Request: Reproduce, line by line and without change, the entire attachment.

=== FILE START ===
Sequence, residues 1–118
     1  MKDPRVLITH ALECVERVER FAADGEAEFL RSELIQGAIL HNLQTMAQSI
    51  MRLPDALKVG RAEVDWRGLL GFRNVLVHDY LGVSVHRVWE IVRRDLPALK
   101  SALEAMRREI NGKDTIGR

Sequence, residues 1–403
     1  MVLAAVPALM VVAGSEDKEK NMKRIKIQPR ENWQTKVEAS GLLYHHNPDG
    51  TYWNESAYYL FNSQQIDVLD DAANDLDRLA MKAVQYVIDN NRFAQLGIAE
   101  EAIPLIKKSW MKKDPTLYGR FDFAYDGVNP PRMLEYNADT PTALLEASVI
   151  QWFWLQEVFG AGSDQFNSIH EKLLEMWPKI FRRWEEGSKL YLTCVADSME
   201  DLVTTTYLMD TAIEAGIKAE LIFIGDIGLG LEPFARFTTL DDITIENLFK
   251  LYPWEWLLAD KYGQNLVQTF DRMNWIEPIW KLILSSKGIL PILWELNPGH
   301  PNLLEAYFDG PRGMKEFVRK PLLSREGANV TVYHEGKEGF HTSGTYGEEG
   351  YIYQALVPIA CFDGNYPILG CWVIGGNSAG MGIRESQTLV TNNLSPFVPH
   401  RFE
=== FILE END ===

Sequence, residues 1–118
     1  MKDPRVLITH ALECVERVER FAADGEAEFL RSELIQGAIL HNLQTMAQSI
    51  MRLPDALKVG RAEVDWRGLL GFRNVLVHDY LGVSVHRVWE IVRRDLPALK
   101  SALEAMRREI NGKDTIGR

Sequence, residues 1–403
     1  MVLAAVPALM VVAGSEDKEK NMKRIKIQPR ENWQTKVEAS GLLYHHNPDG
    51  TYWNESAYYL FNSQQIDVLD DAANDLDRLA MKAVQYVIDN NRFAQLGIAE
   101  EAIPLIKKSW MKKDPTLYGR FDFAYDGVNP PRMLEYNADT PTALLEASVI
   151  QWFWLQEVFG AGSDQFNSIH EKLLEMWPKI FRRWEEGSKL YLTCVADSME
   201  DLVTTTYLMD TAIEAGIKAE LIFIGDIGLG LEPFARFTTL DDITIENLFK
   251  LYPWEWLLAD KYGQNLVQTF DRMNWIEPIW KLILSSKGIL PILWELNPGH
   301  PNLLEAYFDG PRGMKEFVRK PLLSREGANV TVYHEGKEGF HTSGTYGEEG
   351  YIYQALVPIA CFDGNYPILG CWVIGGNSAG MGIRESQTLV TNNLSPFVPH
   401  RFE